In this second article we look at communicating your Personal Brand. The way you conduct yourself, the way you communicate with others and the extent to which you believe in yourself will influence how others perceive you. Perception is generally sub-conscious and is based on what you project. As with everything else in life you have choices and you can choose what you want to project visually, verbally and non-verbally depending on the personal brand you want to create.
Let’s take some practical examples. These days when I ask people if they have done something the response I often get is ‘Yes, I sent an email’. Ask yourself how good are you at written communication? Are you able to write clearly, succinctly and unambiguously, or do you waffle, use acronyms, colloquialisms? What would a recipient of perceive from your written communication, what would it say about your personal brand. Do you talk to your colleagues face to face when you need something, or are you the faceless person behind an email? Why would it be better to meet face to face with someone? Well quite simply communication is more than words. People are constantly giving away free clues as to how they are processing what you are saying. Their eye contact, facial expression, posture, breathing and skin colouring can often say more than words. You will be able to see how they are responding to your message and you can adjust your communication accordingly. Remember the way you communicate will influence how your personal brand is perceived.
Next time you are in a meeting observe the following: Eye contact – the amount of eye contact will signal whether someone is listening to you and engaged with you. How do people use their eyes to communicate? Looking away, looking down, rolling their eyes, staring, looking distant are all forms of communication, what are they telling you? Facial expression – look for smiles, frowns, sulking, eyes screwed up, eye brows raised, nose wrinkled, pursed lips, grinding teeth. Posture – is it open, relaxed and engaged or closed, tense and defensive. What about proximity have they positioned themselves close to you or are they keeping a safe distance. Is their skin colouring and flushing, is their breathing relaxed and slow or quick and short? Look at how these factors combine with their voice to give you a real feel for how they are processing. Speaking quickly and raising your voice is either a sign that you are excited and passionate about something or that you are angry and frustrated. By observing and perfecting your skills in reading people’s body language you will improve your communication skills.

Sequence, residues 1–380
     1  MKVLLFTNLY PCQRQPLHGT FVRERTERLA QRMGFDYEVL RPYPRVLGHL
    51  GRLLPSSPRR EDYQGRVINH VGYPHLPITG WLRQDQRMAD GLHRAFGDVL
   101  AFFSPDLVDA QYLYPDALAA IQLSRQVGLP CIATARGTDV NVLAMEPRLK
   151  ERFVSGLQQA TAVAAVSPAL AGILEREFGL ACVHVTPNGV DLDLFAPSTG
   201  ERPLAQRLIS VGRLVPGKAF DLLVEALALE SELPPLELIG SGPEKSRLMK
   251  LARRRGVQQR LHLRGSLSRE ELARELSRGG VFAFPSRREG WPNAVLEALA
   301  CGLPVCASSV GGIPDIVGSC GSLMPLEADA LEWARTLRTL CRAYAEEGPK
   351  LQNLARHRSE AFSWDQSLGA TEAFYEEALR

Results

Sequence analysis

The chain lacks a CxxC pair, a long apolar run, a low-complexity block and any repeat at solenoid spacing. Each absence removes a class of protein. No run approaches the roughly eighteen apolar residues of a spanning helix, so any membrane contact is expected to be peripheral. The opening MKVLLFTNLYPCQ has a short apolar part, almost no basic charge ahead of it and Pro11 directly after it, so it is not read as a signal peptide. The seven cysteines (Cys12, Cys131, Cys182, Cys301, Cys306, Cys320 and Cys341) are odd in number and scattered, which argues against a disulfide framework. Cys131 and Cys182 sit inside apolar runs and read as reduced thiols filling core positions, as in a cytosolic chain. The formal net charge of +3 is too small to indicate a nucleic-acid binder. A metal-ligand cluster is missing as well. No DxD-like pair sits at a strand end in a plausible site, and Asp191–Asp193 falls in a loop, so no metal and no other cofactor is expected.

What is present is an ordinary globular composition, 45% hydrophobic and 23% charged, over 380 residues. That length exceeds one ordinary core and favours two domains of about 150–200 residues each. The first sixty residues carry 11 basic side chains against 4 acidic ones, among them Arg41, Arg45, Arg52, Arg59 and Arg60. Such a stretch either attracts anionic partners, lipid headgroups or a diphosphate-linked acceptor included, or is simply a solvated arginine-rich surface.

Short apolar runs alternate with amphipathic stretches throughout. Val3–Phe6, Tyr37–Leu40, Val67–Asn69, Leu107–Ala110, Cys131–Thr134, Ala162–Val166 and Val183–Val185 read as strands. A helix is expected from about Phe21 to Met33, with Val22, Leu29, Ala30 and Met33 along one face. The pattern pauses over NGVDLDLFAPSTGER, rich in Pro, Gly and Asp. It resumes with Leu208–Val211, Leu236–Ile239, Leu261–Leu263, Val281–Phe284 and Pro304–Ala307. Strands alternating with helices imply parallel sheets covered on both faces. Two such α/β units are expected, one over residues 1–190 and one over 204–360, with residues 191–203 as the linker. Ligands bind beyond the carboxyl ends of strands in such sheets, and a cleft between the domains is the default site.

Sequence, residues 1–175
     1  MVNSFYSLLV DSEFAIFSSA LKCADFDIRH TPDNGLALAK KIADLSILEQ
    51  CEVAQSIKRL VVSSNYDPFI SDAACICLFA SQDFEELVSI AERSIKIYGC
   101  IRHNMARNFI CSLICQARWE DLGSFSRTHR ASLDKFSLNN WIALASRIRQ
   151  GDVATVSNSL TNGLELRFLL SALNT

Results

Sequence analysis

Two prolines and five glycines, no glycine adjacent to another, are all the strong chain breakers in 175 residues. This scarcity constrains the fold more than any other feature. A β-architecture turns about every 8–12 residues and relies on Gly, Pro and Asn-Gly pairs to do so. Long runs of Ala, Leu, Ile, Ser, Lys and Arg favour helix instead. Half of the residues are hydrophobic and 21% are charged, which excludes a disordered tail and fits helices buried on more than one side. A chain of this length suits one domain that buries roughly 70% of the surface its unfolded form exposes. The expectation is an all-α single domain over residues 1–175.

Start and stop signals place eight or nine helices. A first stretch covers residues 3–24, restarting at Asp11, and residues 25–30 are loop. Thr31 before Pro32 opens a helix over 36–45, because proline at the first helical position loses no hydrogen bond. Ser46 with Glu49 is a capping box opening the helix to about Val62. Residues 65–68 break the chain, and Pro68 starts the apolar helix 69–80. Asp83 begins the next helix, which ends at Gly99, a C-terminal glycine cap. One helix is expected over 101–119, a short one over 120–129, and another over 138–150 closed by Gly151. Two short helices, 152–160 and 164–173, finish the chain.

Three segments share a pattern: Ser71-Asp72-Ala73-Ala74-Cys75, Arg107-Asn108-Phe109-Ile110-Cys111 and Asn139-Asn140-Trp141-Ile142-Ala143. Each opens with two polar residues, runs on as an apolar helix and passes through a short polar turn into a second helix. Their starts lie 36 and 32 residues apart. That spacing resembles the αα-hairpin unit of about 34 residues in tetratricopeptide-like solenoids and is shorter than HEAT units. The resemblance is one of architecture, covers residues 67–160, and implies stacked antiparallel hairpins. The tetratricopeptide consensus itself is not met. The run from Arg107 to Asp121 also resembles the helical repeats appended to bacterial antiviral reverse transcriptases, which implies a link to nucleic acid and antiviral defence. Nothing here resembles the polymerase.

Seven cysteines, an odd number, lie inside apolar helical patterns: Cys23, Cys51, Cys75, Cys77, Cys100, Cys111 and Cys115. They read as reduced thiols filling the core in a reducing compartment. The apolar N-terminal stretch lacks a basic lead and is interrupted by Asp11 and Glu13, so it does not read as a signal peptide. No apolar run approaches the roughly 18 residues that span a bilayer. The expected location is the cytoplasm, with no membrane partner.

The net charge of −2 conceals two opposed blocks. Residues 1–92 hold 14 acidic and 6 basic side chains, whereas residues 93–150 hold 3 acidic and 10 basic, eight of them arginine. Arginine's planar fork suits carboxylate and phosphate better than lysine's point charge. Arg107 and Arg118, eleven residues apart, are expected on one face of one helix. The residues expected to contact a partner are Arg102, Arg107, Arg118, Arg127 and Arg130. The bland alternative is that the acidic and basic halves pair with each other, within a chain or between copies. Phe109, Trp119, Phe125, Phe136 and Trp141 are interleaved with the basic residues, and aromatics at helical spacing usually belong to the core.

How is your Personal Brand influenced by your communication skills?
If you can’t meet face to face to face with someone then the next best thing is to speak to them on the telephone because although you can’t see them you can hear them. Here are some tips for effective telephone conversations that will improve your personal brand:
- Plan your call, why are you calling, what is the outcome you want? Decide on your primary objective and ideally have a secondary or fallback objective.
- If it is someone you don’t know plan your opening lines. Who are you, why are you calling and what do you want from them.
- As with all communication be prepared to tell them ‘what is the benefit to them’.
- Listen to what they are saying and take notes.
- Listen to their tone of voice and changes in voice pace, pitch and tone, , what do you perceive from it?
- Listen for pauses. Don’t be afraid of silence, give people time to think.
- Listen for: hesitation, sighs, frustration, humour.
- Always re-cap on the conversation and confirm next steps e.g. another call, a letter, a contract, an email.
If a meeting or phone conversation are not possible then send an email. Here’s some guidelines for sending emails:
- Generally the less you send, the less you will receive.
- Only copy people if they really need to know, not to cover your backside.
- Ensure it is spelt correctly and is grammatically correct (these things still matter).
- Send data and information e.g. reports, graphs, charts as attachments.
- Keep it simple and professional.
- Never send emails in anger.
- Never write anything down that you wouldn’t say to someone’s face.
- Don’t hide behind email, you are missing out on so much.
- If you want to save time remember that a trained typist types at 60 words per minute and we talk at approximately 120 words per minute.
Having observed how others communicate you will become a lot more conscious of what you are projecting. Think about the way you conduct yourself: when you meet someone, in small meetings, in large meetings, when presenting or even in an interview situation. What does your message say to someone about your personal brand? communication skill do you need improve?